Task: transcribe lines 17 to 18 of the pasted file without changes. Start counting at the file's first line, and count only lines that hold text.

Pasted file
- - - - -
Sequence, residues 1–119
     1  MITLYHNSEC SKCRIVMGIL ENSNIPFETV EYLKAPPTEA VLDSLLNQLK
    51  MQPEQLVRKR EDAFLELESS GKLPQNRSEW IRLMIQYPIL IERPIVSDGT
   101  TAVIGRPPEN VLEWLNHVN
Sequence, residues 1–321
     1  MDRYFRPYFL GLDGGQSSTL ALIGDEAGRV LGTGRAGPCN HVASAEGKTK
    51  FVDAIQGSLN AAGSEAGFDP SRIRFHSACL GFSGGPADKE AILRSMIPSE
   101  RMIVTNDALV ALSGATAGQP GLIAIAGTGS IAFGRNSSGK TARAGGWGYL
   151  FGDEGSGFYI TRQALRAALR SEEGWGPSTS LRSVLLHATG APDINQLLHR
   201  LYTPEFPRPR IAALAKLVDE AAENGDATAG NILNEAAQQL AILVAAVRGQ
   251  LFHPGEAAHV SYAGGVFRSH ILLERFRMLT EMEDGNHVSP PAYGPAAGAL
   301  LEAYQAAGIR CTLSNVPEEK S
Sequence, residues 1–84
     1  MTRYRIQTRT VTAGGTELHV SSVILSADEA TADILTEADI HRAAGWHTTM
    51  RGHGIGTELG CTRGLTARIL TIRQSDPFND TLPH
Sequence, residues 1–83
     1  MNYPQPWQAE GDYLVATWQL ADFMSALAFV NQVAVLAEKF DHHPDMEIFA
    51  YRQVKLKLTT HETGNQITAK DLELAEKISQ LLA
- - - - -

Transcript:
     1  MNYPQPWQAE GDYLVATWQL ADFMSALAFV NQVAVLAEKF DHHPDMEIFA
    51  YRQVKLKLTT HETGNQITAK DLELAEKISQ LLA